# Forum

## Need Some Explaining

7 posts by 4 authors in: Forums > CWTS - Enterprise Wi-Fi Fundamentals
Last Post: May 14, 2014:
• So with my newly acquired wireless job I have seen a lot in the field so far and have questions regarding the things I am witnessing. One in particular thing would be noise floor & SNR. We deploy a lot of Ubiquiti products and I am constantly viewing signal strengths, link quality ratings, & noise floor ratings. So, my questions are as followed.

1.) Noise floor. Is it better to have a lower neg number? ie. -93 compared to a -71? I've been told by a co-worker that an ideal noise floor is -100 or so.

2.) SNR. Can the SNR be calculated by taking the signal strength and subtracting that number from the noise floor? Example, noise floor of -91 and a signal strength of -37 = SNR 54? I've read where an ideal SNR is 15-20 dBm. Correct me if I'm wrong.

Thanks in advance guys & gals.

• Hey Charlie,

I normally see a noise floor of around -90 or so. The lower the better, as in -100 is better than -90.

You won't much see a -37  signal unless you are right by the AP but the calculations are correct. A fair SNR is 10 for data. Voice I think should be around 25 or so.

Did you get a new job or is this the same one you were at a week or so ago?

• Same job. I did an install at the Hampton Inn downtown this AM with 2 Ubiquiti radios that were roughly 400ft apart so the signal was -37 to -39. I figured the lower would be better, -100 compared to -89 etc.

So, on this particular install taking the signal strength of -37 and subtracting -89 for the noise floor, the SNR would be 52?

• -37 at 400ft? That sounds unusual to me. If you have some time around 8pm tonight I will give you a call. Going to shoot you an email as well to get the numbers exchanged.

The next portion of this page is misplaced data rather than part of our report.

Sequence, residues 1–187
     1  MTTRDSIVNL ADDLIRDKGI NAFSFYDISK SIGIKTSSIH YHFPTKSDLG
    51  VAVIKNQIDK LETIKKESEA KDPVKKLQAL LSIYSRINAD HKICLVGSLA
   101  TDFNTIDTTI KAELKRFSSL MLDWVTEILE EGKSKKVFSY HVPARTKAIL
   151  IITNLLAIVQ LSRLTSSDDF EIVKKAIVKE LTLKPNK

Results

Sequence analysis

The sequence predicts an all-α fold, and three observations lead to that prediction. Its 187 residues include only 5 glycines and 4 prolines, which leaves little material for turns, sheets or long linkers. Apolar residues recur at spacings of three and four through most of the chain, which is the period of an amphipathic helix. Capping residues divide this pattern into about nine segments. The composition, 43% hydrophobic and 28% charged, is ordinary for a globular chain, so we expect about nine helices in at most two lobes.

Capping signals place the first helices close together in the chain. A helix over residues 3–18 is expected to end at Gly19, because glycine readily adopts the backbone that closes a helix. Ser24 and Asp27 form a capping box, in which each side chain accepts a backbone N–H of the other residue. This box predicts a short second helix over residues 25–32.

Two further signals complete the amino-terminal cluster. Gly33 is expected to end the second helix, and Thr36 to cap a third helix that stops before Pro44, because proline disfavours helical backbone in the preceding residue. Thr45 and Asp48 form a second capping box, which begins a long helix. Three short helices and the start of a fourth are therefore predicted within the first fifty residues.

Cheers

• By Howard - edited: January 22, 2014

As I recall, Ubiquiti does make some higher powered routers.   That does sound very high though, even for Ubiquiti.

As far as required SNR levels go, the farther you go along the b/g/a/n/ac path  the higher the SNR needs to be.

Also remember that Noise Floor is usually reported by the chipset manufacturer, not by the radio mfg.   Hopefully they've been told the whole scoop.   Remember noise floor is a "calcualted number", and not a directly measured value.    It will not show microwave oven interference for example.

Regardless of the outcome, please let us all know what you find out.

• By Charlie - edited: January 22, 2014

Yeah, this particular install was 2 Nanobridge M5s with a link of <400 ft and output power set to 15dB on each side. I was just curious of the noise floor rating and the SNR etc.

• Bear in mind that most 802.11 chip sets do not have the capability to measure spectral noise, it's why vendors like AirMagnet (Fluke) and Ekahau sell dedicated hardware with their spectrum analyzer programs .  Regardless, plenty of vendors have solutions that guess at the actual noise floor based on measurements from the 802.11 frames, and most of the time that will be close enough.

Also, for a link with parabolic dishes, an SNR of 54 at 400' seems fine to me.

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